Hunchback posture, also known as “upper crossed syndrome” affects the majority of the western population nowadays due to increase technology use, excessive low back flexion and increased time spend being sedentary.
Having a hunchback posture can make you more prone to injury in the gym and decrease strength performance in exercises like the bench press and overhead squat.
Poor Posture results from 1 of 2 things….
- A weakness in or inactivity of the muscles responsible for pulling the back upright
- Over-activity or tightness in the muscles responsible for pulling the back forward.
Another common posture related problem particularly when doing overhead pressing movements in the gym is the tendency to hike the shoulders towards the neck, rather than pressing downward and forward. It is not uncommon to see neck pain and stiffness when lifting. Many individuals that present with “upper crossed syndrome” often shrug their shoulders up when pressing (e.g. during pushups), doing dips or bench press.
They anchor their shoulders off the neck instead of into the rib cage. The easiest way to determine and correct your own technique is to video yourself doing a pushup or bench press motion. Look for the shoulders drawing towards the neck, rather than pressing forward and down into the ground.
This short resistance band drill will help with the motion of drawing the shoulders down to the ground and teach you to recognize when there is an overworking of the neck and how to adjust it.
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The good news is with some simple Strengthening exercises, foam rolling techniques and mobility drills, you can fix and reduce the effects of “upper crossed syndrome” in as little as 10min a day.
Specifically the lower Trapezius and Rhomboids are not getting enough activation and strengthening in order to pull your back upwright.
1. WALL SLIDES (3 sets of 8 reps)
Stand heels, upper back, shoulders and arms against the wall. The goal is to slide your hands up and down mimicking a shoulder press movement pattern. Don’t compensate by arching your back and loosing contact with the wall as you raise your arms up.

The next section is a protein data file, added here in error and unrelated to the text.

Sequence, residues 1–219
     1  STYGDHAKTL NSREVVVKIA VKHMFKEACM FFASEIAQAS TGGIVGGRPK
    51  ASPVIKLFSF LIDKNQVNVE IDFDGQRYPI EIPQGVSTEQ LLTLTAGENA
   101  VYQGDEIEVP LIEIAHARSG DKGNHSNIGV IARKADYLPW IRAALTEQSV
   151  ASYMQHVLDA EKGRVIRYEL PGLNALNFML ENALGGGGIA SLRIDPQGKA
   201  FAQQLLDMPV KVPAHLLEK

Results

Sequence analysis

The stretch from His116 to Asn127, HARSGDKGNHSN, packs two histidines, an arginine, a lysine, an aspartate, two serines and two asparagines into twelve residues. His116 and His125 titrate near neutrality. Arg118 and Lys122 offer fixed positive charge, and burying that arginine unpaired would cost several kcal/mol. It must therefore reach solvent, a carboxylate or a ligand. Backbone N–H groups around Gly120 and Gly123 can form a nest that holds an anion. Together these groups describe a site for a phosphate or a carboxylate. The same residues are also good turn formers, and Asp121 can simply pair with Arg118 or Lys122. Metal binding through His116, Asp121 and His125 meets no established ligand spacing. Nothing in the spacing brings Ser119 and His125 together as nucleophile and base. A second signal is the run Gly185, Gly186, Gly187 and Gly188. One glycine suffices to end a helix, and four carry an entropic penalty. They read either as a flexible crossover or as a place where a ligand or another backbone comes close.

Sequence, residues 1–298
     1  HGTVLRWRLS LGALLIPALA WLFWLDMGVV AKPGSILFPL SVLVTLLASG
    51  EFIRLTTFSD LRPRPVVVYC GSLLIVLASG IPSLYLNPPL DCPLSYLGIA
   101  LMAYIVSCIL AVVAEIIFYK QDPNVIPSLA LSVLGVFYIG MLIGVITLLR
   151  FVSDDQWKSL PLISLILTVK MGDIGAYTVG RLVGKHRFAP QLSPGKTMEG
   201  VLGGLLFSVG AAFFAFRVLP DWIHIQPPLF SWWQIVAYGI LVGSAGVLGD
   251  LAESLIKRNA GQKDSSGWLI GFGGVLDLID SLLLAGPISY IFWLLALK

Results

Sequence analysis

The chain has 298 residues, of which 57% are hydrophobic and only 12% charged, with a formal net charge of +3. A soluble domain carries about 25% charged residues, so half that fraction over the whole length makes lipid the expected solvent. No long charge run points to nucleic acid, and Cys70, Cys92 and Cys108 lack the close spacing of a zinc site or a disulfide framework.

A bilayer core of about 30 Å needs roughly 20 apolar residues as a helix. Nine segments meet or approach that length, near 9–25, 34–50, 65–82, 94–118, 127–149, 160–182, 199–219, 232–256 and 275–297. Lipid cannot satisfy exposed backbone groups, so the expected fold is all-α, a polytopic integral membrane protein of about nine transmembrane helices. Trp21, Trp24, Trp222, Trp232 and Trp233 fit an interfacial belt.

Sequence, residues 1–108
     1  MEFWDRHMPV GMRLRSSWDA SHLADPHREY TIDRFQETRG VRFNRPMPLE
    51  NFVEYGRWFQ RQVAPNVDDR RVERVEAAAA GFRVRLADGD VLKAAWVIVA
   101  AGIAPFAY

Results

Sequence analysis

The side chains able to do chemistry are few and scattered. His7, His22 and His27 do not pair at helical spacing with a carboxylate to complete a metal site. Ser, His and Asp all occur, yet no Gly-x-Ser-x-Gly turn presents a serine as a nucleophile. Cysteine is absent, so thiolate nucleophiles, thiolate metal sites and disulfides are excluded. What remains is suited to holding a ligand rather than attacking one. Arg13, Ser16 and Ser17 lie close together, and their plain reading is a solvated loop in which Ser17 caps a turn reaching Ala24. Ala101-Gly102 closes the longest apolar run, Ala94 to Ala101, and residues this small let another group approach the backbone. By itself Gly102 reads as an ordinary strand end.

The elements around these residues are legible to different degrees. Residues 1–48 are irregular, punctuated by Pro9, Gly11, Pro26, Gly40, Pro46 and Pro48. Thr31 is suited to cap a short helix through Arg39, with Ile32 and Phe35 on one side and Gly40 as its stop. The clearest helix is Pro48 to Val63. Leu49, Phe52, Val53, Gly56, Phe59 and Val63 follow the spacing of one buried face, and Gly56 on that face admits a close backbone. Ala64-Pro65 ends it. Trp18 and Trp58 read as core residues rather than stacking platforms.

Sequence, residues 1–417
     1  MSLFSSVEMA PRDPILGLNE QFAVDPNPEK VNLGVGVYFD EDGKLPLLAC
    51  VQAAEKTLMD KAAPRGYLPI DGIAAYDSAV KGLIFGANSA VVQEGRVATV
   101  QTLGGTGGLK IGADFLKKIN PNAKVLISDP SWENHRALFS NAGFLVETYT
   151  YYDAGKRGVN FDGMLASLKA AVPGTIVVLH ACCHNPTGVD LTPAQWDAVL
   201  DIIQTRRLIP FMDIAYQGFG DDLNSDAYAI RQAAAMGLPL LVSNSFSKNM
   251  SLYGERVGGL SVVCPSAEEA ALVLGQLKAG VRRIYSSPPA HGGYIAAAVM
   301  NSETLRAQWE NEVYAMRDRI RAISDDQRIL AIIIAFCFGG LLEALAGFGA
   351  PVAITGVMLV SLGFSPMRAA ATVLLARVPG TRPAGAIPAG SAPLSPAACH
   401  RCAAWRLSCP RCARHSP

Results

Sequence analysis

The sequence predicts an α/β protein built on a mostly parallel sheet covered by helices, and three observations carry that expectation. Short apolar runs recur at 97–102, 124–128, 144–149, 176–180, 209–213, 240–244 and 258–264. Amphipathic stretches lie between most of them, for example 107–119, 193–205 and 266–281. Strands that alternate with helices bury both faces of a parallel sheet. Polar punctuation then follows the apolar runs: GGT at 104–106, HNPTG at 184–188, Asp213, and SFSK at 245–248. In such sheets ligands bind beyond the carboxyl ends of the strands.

Instead flatten your lower back before starting the movement by engaging your abs and keeping this contact as you perform the movement.
You should feel strong activation in your upper back, NOT in your shoulders or traps. If you need to make this movement easier, move the feet further away from the wall.
2. PRONE “Y’s” ( 3 sets of 8 reps)
Press your arms and raise them to the level of your head while keeping them straight
Hold the top position for 1-2 sec and then come back down and repeat the movement.
It’s important you don’t compensate by arching your lower back or sticking your head forward during the movement. You should feel a strong contraction in your back as you do the exercise.
MOBILITY & STABILITY
3. Foam Roller (3-5 min)
Lay with foam roller in the middle of your back hands placed over the head. Lift the hips and slowly roll up and down to loosen upper back. Lower hips down and then place foam roller between shoulder blades.
Take a deep breath in and as you exhale extend over the foam roller while holding head to release tension in the neck. Repeat the process getting a little lower on the back each time. Avoid the area of the lower back directly above the sacrum.
4. Behind the neck shoulder mobility drill ( 15-20 reps)
This can be done with a broomstick or resistance band. Stand straight and use very wide overhand grip on the stick. Take the arms overhead and behind your neck, returning to the start position while maintaining straight arms throughout the movement.
The narrower the grip, the more shoulder mobility you will need. Start with a wide grip and gradually narrow your grip over time.
You can also perform this movement lying down with your forehead in contact with the ground. This will incorporate a little lower trap and rhomboid involvement to help strengthen them.
Now its time to give that routine a go!
Altogether it should take you less than 10 minutes a day. Ideally perform this every day. Always be mindful of your posture throughout the day whether it be sitting or standing. Imagine someone pulling your body with string. Everything should be aligned!